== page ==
Categories: Life in General Tags:

Dead heats and democracy

March 13th, 2008 32 comments

I can’t resist a racing metaphor to describe the problem that’s now facing the US Democrats, but one that is a more-or-less generic problem for democracy. In any system of government, there is a problem of succession, which has a large contingent element. In monarchies, for example, the absence of an adult male heir can produce crises of all kinds (in England, this problem recurred in different forms for all the Tudors from Henry VIII onward). Dictators rarely nominate a capable successor until the last possible moment, so their sudden death often brings about the collapse of the regime. To avoid this, it’s common to see a quasi-hereditary succession which rarely works well for more than one generation.

In democracy, unexpectedly close election results can cause big problems, since there is always a range of uncertainty in which normally unimportant procedural decisions or rule violations become critical. Obvious recent examples include the Bush-Gore race in 2000, the Mexican election of 2006, the recent election in Kenya and now the Democratic nomination race. Such close races inevitably produce a lot of bitterness and can lead to disaster. At the moment it seemed as if the threatened breakdown of democracy in Kenya has been averted, but it’s by no means certain that the power-sharing agreement there will hold. And it’s far from clear that the closeness of the race between Obama and Clinton won’t produce a vicious contest that sinks the eventual winner.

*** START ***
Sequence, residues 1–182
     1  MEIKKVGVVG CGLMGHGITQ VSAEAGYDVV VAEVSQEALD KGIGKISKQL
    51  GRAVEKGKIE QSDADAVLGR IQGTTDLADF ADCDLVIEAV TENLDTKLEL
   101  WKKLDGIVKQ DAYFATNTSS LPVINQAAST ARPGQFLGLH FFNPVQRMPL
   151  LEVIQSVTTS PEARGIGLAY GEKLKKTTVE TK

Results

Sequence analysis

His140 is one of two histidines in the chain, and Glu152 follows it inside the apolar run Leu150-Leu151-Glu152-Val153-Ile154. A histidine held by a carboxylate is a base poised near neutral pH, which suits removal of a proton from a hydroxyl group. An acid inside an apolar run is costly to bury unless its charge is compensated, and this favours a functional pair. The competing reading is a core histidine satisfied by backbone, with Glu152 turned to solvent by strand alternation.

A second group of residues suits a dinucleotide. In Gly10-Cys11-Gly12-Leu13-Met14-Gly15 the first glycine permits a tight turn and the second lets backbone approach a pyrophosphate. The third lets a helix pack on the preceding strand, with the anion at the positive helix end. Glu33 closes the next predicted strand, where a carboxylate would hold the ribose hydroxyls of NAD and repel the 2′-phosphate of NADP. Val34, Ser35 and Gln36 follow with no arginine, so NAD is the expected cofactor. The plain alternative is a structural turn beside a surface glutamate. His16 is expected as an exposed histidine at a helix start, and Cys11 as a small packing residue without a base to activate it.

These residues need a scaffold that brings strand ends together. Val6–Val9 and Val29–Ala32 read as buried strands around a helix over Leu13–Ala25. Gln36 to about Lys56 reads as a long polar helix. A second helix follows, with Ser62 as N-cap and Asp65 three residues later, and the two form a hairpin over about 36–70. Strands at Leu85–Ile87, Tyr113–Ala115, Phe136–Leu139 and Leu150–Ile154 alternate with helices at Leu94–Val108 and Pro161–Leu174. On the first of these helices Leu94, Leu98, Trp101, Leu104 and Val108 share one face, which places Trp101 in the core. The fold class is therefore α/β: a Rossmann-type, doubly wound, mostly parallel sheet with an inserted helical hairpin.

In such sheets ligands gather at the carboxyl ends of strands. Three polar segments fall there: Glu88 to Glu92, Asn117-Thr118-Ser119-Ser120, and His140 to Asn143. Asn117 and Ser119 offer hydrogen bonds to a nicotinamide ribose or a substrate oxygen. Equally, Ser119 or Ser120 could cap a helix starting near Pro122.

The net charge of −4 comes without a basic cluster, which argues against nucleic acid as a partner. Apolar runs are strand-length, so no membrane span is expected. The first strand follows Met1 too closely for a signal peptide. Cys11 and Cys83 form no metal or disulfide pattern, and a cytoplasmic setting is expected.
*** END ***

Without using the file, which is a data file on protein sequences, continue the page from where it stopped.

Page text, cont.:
It’s tempting, and sometimes correct, to argue that the sharp divisions that emerge at times like these were there all along. But often this is no more valid than the kind of analysis which ascribes civil strife to “ancient ethnic hatreds” when these are, in reality, little more than rationalisations of contemporary power politics. Certainly, in the case of the Democratic nomination, it’s clear that the vast majority of Democrats would be happy with either candidate and likely that the majority would prefer an immediate end, regardless of the choice, to a continued contest.

Rather than reflecting deeper underlying problems, to a large extent, these succession crises really are problems of institutional design. Some kinds of institutions manage succession problems better than others. Confining attention to democratic systems (broadly defined), I’d argue that there are substantial benefits to simple and definite procedures. If US national elections (including primaries) were based on popular vote (whether first-past-the-post or instant runoff) the likelihood of a result so close as to permit serious dispute would be very small. By contrast, when the result is reached from 50 state ballots, each operating under local and variable rules, the only surprise is that crises can be averted.

Categories: Politics (general) Tags:

The truth will set you free?

March 12th, 2008 64 comments

There’s been a lot of discussion here about genetically modified foods and related issues. My view has been that the current state of scientific evidence does not support a general ban on GM foods but that consumers may reasonably want to be informed about whether the food they are consuming has been produced using technologies they may object to, either on ethical grounds, or because they are unconvinced about the safety of GM technology. In this respect, I’ve been very critical of Monsanto, which pushed hard to get GM foods onto the US market without any labelling requirement. Among other things, I thought this likely to be a counterproductive strategy, intensifying hostility to GM technology.